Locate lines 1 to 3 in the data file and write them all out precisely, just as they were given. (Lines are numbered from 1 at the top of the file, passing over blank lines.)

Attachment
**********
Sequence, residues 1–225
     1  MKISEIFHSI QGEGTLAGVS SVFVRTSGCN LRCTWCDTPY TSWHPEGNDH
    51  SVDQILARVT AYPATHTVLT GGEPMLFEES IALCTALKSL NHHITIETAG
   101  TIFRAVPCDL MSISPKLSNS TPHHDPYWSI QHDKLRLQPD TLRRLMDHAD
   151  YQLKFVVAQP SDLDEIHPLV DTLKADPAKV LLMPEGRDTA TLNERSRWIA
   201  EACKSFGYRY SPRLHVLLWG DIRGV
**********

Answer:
Sequence, residues 1–225
     1  MKISEIFHSI QGEGTLAGVS SVFVRTSGCN LRCTWCDTPY TSWHPEGNDH
    51  SVDQILARVT AYPATHTVLT GGEPMLFEES IALCTALKSL NHHITIETAG